Vitamin B12 is our basic foundation vitamin. This workhorse nutrient is responsible for a host of essential health functions and has many benefits.
Vitamin B12 is our basic foundation vitamin. It may not be sexy or miraculous, but this workhorse nutrient is responsible for a host of essential health functions. Everyone needs it!
Most important among B12’s functions is the task of perfect cell duplication, making this nutrient a crusader against the ravages of aging. B12 also helps maintain healthy nerve cells and red blood cells.
Important for Vegetarians
Most of us get all the B12 we need from animal foods: red meat, fish, and dairy products. However, little or no B12 is found in plant-based foods. Although vitamin B12 deficiency is fairly rare in healthy adults, it is common in strict vegetarians who eat no animal products.
B12 deficiency is also a problem in people with digestive system disorders such as chronic gastric reflux that limit the absorption of the nutrient, and in elderly people whose stomach acid production has dropped. That’s because B12 is absorbed into the body when hydrochloric acid in the stomach breaks down the protein and combines with a substance called intrinsic factor so the nutrient can be absorbed through the digestive tract.
Symptoms of B12 deficiency can include weight loss, lack of appetite, and constipation. Other common symptoms can include difficulty walking, confusion, irritability, and mild depression.
Sometimes the only symptom of B12 deficiency is a barely noticeable decrease in cognitive function. Over time, if the deficiency is not reversed, anemia and dementia that looks very similar to Alzheimer’s disease can develop.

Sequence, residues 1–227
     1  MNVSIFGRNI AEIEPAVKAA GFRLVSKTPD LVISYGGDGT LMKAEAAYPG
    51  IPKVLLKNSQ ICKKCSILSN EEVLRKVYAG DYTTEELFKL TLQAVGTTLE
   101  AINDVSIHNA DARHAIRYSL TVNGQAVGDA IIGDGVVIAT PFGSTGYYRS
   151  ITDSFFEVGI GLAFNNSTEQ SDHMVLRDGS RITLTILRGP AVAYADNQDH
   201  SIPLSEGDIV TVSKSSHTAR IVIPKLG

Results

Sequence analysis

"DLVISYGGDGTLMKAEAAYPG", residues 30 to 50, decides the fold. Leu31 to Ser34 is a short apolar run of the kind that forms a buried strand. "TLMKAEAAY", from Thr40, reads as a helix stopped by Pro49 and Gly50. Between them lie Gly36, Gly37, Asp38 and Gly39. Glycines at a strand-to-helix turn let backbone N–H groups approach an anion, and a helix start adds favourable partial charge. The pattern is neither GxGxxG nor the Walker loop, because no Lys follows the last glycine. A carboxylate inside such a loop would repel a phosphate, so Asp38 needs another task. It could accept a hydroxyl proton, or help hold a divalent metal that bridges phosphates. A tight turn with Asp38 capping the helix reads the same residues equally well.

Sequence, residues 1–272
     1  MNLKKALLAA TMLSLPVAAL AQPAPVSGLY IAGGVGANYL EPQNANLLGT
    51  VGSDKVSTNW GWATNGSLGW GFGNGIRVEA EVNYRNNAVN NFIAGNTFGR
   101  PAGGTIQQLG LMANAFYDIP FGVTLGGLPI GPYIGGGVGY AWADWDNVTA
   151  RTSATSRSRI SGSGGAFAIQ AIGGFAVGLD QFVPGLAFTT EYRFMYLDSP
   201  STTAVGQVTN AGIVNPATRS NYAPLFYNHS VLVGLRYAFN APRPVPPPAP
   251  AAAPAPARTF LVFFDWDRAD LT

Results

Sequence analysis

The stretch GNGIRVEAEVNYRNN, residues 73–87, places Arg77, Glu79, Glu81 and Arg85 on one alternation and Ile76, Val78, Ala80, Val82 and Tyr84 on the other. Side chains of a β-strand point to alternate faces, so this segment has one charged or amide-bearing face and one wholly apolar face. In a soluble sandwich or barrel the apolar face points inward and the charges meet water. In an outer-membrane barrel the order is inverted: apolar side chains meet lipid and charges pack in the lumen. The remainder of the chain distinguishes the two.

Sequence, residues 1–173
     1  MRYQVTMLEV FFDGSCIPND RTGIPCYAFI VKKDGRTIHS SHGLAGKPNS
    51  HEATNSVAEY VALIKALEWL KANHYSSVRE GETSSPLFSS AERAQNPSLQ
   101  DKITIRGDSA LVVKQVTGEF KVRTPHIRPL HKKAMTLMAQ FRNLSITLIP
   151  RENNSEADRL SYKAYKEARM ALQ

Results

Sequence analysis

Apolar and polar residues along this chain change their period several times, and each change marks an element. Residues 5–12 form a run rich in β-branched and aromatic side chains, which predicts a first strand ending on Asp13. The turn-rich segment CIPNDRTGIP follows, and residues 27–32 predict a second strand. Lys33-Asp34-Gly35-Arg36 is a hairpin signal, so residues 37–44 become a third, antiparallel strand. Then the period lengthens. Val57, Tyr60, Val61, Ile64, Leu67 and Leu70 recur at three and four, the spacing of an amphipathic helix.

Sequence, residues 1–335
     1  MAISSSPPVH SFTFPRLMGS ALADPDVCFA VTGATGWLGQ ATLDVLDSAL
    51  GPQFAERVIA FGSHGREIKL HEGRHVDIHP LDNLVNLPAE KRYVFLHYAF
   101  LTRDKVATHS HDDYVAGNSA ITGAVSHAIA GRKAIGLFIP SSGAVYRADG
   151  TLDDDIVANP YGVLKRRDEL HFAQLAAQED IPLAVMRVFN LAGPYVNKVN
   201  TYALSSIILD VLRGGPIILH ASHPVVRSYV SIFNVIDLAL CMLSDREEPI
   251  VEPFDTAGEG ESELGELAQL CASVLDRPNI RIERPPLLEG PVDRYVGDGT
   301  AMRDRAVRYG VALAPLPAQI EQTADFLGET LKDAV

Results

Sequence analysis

A simple blood test for B12 level is essential, especially in someone who is elderly and in whom memory loss has been noticed. For all of those people, experts say, B12 supplementation is crucial.
The happy news is that B12 supplementation, in the form of B12 injections, will often significantly improve or even reverse the condition, says neurologist Allen Josephs, MD, author of Memory Loss Is Not Inevitable (Common Sense Publishing, 2007).
Prescription Drugs and B12
B12 supplements are also important for people who take certain types of prescription medications, especially for those with type 2 diabetes, says Hyla Cass, MD, author of Supplement Your Prescription (Basic Health, 2007).
Metformin, a commonly prescribed prescription medication for type 2 diabetes (once known as adult-onset diabetes), depletes B12 reserves in the human body, advises Cass. Research suggests that 10 to 30 percent of patients taking metformin have evidence of reduced vitamin B12 absorption.
For these people, who are often elderly and subject to digestive system-related B12 shortfalls, B12 supplementation is essential, she says. Cass recommends 200 to 500 mcg daily, with safe dosages up to 1,000 mcg. These quantities are far larger than the recommended daily allowance of 2.4 mcg, but Cass advocates larger dosages because they provide more absorbable quantities of B12 and there are no known risks of taking higher dosages. B12 is available as an injection, capsule, and in liquid form.
Further Benefits of B12
While research is not yet conclusive, some evidence suggests that B12 supplements help lower homocysteine levels and thereby reduce the risk of cardiovascular disease.
Since there is no toxicity associated with vitamin B12, you can safely take the amounts you’ll need for long life, heart and digestive health, and blood sugar control.
The recommended daily allowance (RDA) for B12 is 2.4 mcg a day for adults, a level that is easily achieved with normal eating patterns. Most fortified breakfast cereals contain the RDA of B12. Better yet, get your B12 with a 3 oz (about 90 g) serving of any of the following:
- Clams (84 mcg)
- Beef liver (47.9 mcg)
- Trout (5.4 mcg)
- Salmon (4.9 mcg)
- Lean beef (2.4 mcg)